Homo erectus is a species of extinct hominin. The first fossils of H. erectus were discovered by Dutch physician Eugene Dubois in 1891 on the Indonesian island of Java. A famous example of H. erectus is Peking Man; others were found in Asia (notably in Indonesia), Africa, and Europe. Some paleoanthropologists are now using the term H. ergaster for the non-Asian forms of this group, and reserving H. erectus only for those fossils found in the Asian region. The direct ancestors of modern humans are found among H. erectus in the wider sense (ie. including ergaster).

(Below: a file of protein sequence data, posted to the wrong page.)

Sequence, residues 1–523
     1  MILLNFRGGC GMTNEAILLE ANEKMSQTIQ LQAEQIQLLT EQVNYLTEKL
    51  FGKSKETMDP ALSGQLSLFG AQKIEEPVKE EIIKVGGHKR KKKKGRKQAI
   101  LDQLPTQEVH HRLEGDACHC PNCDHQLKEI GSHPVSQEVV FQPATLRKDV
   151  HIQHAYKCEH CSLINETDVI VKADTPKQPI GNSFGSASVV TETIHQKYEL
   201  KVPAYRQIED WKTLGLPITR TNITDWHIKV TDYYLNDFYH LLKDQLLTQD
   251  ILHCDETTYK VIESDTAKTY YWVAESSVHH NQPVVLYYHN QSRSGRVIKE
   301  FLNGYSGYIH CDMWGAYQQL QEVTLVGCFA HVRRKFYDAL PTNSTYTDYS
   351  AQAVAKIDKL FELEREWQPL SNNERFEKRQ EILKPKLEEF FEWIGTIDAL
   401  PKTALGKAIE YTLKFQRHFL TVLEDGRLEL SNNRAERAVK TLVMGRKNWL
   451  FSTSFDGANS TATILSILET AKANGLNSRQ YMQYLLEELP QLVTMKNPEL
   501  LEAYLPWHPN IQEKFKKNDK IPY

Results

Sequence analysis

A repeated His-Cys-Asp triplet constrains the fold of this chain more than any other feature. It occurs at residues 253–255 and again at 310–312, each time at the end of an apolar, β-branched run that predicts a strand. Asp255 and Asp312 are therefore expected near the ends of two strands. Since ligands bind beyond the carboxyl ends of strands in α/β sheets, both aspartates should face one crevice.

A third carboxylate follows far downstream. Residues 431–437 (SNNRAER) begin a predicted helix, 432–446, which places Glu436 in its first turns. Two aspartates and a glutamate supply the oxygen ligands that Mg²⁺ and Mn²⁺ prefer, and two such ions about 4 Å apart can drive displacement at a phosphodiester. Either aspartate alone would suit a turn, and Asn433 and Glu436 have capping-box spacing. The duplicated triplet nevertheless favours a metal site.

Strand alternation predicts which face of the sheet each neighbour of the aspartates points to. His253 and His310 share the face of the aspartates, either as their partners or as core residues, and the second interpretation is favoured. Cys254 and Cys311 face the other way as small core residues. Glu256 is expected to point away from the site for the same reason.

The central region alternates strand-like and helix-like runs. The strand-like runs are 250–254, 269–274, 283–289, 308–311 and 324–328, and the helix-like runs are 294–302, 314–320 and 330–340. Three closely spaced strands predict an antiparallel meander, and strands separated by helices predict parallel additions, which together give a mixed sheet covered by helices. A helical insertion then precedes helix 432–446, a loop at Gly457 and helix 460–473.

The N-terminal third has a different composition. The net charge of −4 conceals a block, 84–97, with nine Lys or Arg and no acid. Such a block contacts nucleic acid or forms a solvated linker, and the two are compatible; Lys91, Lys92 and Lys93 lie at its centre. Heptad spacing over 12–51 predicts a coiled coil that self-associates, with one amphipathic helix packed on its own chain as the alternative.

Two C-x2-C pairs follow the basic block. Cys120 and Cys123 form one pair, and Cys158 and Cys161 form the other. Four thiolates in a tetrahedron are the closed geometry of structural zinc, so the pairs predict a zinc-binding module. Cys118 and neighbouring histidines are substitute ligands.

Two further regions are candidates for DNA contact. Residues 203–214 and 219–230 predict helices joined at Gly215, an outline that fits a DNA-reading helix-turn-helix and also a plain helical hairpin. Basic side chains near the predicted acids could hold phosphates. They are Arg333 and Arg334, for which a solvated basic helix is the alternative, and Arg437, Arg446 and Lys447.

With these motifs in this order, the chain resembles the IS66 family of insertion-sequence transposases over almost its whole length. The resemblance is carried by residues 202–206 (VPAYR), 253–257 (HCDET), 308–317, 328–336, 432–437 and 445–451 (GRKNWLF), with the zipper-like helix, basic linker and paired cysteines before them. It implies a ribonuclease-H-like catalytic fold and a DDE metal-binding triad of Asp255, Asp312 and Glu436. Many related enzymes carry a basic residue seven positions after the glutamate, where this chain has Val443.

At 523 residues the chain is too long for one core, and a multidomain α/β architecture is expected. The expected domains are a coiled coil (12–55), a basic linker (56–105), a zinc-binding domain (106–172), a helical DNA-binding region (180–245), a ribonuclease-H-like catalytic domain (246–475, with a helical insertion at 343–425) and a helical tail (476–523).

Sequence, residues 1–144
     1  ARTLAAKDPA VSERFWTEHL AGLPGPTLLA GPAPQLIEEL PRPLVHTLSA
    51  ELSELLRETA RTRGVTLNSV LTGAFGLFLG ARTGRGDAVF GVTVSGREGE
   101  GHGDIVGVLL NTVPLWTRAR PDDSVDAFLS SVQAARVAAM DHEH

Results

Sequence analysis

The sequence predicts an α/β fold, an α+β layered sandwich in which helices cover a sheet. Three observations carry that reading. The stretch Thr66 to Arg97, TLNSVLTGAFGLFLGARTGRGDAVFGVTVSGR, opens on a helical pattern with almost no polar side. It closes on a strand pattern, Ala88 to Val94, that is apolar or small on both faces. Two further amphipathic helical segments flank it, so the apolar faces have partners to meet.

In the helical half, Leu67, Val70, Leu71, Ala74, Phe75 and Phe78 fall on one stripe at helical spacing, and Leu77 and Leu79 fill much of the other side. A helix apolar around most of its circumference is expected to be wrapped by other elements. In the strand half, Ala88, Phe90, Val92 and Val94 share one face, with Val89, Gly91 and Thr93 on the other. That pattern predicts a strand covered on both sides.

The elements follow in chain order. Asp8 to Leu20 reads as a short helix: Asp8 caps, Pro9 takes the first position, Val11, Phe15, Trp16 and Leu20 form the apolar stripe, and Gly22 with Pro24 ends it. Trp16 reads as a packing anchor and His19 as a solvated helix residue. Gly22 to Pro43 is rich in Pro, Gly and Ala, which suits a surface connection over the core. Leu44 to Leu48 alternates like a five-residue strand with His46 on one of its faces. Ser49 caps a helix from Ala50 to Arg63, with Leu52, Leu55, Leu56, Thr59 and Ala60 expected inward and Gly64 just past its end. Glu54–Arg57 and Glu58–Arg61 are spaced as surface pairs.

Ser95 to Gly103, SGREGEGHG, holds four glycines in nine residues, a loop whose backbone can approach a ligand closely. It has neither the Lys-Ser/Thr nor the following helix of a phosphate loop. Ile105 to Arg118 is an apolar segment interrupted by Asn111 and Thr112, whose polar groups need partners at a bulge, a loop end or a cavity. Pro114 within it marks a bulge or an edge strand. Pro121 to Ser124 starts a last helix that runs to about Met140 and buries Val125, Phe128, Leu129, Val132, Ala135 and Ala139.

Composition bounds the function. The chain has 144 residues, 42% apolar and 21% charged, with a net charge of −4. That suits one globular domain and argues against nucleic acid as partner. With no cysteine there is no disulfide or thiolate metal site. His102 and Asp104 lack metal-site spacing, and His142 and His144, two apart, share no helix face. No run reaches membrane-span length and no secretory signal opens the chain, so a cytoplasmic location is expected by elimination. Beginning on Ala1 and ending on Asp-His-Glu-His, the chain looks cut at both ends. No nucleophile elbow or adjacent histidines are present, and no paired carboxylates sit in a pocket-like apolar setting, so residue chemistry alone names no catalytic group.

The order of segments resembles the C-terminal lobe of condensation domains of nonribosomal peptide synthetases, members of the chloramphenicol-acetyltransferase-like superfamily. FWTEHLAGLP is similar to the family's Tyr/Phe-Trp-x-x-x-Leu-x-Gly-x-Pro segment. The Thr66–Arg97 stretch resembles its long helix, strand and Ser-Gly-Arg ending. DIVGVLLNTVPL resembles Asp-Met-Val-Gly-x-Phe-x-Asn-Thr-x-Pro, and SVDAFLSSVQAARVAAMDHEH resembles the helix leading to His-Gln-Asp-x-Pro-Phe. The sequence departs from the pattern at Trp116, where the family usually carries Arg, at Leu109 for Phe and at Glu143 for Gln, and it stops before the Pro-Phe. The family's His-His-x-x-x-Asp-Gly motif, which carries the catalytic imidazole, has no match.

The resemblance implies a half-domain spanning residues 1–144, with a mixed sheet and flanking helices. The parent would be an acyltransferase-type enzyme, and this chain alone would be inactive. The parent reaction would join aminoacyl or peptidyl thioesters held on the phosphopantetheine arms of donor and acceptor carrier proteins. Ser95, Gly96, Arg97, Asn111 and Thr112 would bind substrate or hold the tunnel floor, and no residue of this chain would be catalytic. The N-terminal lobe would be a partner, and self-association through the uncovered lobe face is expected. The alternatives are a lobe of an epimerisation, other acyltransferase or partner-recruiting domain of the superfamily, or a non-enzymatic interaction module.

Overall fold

The name means "upright man". This accurately describes the habitual stance of the species, but the upright carriage was also shared by its habiline and australopithecine ancestors (and, of course, its descendants, including us).